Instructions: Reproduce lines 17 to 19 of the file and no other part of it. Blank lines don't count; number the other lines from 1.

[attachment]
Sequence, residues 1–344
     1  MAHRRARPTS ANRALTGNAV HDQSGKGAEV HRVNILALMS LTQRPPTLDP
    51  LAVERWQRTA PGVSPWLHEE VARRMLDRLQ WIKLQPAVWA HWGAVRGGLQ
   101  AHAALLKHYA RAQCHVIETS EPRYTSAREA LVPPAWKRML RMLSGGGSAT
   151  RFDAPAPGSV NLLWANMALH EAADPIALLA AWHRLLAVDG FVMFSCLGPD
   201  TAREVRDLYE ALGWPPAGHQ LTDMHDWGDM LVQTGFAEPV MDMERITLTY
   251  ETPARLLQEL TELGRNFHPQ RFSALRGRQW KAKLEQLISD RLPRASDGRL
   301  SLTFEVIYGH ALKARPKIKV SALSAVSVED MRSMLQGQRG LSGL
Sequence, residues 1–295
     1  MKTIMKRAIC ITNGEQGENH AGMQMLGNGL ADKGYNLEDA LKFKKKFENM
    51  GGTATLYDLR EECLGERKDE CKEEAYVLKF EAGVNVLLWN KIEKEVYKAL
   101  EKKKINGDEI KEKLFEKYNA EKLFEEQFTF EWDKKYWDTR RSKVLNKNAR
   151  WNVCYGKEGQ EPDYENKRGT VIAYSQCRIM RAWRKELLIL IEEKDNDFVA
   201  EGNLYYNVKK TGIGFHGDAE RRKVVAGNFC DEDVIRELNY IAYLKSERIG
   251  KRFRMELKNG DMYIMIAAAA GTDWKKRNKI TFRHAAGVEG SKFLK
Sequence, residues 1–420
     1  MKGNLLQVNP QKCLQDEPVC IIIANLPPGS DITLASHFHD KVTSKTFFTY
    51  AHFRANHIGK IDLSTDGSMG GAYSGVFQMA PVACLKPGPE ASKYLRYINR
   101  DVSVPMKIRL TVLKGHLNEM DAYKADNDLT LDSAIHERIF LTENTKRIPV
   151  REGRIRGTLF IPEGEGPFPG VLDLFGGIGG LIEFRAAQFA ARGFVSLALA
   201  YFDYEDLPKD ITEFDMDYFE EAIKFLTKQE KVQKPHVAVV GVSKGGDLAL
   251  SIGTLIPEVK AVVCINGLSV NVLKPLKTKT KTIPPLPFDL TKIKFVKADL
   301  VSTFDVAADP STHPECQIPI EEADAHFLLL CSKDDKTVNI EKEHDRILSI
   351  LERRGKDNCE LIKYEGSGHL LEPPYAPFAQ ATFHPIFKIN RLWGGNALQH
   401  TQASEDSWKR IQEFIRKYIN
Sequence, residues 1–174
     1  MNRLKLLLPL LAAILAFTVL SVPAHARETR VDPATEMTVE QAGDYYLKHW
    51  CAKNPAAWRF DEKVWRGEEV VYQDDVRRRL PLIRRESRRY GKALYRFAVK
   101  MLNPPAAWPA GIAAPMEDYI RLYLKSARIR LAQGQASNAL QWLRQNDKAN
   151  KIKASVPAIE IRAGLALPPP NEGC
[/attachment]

     1  MKGNLLQVNP QKCLQDEPVC IIIANLPPGS DITLASHFHD KVTSKTFFTY
    51  AHFRANHIGK IDLSTDGSMG GAYSGVFQMA PVACLKPGPE ASKYLRYINR
   101  DVSVPMKIRL TVLKGHLNEM DAYKADNDLT LDSAIHERIF LTENTKRIPV